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  1. M G Gnanalingham1,
  2. N Reilly2,
  3. C McCooey2,
  4. P Baines1,
  5. F Rajah1
  1. 1Department of Paediatric Intensive Care, Alder Hey Children’s Hospital, Liverpool, UK
  2. 2Department of Pharmacy, Alder Hey Children’s Hospital, Liverpool, UK


Remifentanil, although not licensed for analgesia and sedation in ventilated patients under 18 years, has been used increasingly in paediatric intensive care units (PICU). We audited remifentanil use in mechanically ventilated patients in a tertiary 20-bed PICU between 2005 and 2007.

There were 43 patients with a median age of 53.7 months (interquartile range 6.1–153.3), who received remifentanil at a maximum infusion rate of 0.5 μg/kg per minute (0.2–0.9) for 2.0 days (0.5–5.0). Cardiac (10), respiratory (8), neurosurgical (7), ENT (6) and general surgical (5) patients received remifentanil most commonly. 30 patients were within the recommended dose range (0.10–0.75 μg/kg per minute). Seven patients received more than the maximum dose and were more likely to receive concomitant sedative and/or analgesic agents (p<0.01). Remifentanil was the sole analgesic/sedative drug in 15 cases, all of which received an infusion for <1 day. 29 and 10 cases received remifentanil for <3 and >3 days, respectively, with concomitant drugs more likely to be started in the latter (p<0.01). Three cases had significant withdrawal following ⩾8 days infusion, who received higher (⩾1.00 μg/kg per minute) infusion rates (p<0.01) and more (⩾4) analgesic/sedative drugs (p<0.01), compared with those without any adverse effects. For a 10 kg infant the cost of 3-day infusions of midazolam (100 μg/kg per hour), morphine (20 μg/kg per hour) and remifentanil (0.10 μg/kg per minute) would be £74, £3 and £18, respectively.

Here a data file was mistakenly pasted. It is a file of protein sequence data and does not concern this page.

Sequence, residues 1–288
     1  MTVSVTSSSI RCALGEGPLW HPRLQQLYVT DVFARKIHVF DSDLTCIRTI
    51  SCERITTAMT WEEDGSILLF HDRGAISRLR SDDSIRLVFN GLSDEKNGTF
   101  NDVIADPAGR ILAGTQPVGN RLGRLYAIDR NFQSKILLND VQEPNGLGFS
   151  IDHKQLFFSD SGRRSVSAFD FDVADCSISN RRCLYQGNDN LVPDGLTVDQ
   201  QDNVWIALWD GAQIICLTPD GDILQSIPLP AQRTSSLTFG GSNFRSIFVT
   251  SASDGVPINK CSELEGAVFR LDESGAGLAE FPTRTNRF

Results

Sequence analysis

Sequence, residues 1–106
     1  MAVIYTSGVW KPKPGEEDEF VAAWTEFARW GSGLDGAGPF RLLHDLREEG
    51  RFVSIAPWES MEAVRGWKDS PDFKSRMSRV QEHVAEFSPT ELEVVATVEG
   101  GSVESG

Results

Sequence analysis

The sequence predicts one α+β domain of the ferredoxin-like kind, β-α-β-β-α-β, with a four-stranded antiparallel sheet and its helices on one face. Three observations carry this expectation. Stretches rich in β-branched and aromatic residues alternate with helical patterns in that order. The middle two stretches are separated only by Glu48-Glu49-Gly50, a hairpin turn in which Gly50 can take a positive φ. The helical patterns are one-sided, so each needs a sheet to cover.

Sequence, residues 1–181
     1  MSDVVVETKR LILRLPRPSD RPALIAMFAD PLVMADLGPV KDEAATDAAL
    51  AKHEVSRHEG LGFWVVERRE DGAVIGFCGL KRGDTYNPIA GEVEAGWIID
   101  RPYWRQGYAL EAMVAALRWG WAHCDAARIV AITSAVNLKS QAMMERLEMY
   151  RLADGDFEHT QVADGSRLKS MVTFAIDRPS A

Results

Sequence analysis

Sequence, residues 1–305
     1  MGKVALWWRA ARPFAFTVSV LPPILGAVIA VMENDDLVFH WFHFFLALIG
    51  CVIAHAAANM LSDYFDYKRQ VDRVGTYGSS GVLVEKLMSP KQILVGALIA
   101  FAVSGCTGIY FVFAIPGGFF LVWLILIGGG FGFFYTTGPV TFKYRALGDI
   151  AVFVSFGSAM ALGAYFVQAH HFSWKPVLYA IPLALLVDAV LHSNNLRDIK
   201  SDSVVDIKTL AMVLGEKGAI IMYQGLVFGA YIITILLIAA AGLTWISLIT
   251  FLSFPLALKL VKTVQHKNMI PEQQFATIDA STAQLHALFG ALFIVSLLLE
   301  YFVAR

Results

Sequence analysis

Remifentanil usage is increasing in PICU, with our current guidelines for dosage and duration generally not being upheld. There is a significant risk of withdrawal from remifentanil, particularly in those patients who receive high infusion rates for longer.

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